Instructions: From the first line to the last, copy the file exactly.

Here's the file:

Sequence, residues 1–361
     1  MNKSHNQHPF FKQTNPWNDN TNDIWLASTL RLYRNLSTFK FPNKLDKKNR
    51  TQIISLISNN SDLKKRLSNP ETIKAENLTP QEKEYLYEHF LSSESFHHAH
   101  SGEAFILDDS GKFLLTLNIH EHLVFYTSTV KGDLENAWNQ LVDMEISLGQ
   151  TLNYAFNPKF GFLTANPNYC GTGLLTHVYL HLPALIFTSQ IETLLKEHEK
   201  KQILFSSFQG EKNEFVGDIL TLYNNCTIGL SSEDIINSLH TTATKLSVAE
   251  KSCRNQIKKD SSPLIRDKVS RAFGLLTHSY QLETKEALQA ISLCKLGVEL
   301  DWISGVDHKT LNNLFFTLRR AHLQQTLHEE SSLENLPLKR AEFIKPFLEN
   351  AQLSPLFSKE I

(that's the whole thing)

Sequence, residues 1–361
     1  MNKSHNQHPF FKQTNPWNDN TNDIWLASTL RLYRNLSTFK FPNKLDKKNR
    51  TQIISLISNN SDLKKRLSNP ETIKAENLTP QEKEYLYEHF LSSESFHHAH
   101  SGEAFILDDS GKFLLTLNIH EHLVFYTSTV KGDLENAWNQ LVDMEISLGQ
   151  TLNYAFNPKF GFLTANPNYC GTGLLTHVYL HLPALIFTSQ IETLLKEHEK
   201  KQILFSSFQG EKNEFVGDIL TLYNNCTIGL SSEDIINSLH TTATKLSVAE
   251  KSCRNQIKKD SSPLIRDKVS RAFGLLTHSY QLETKEALQA ISLCKLGVEL
   301  DWISGVDHKT LNNLFFTLRR AHLQQTLHEE SSLENLPLKR AEFIKPFLEN
   351  AQLSPLFSKE I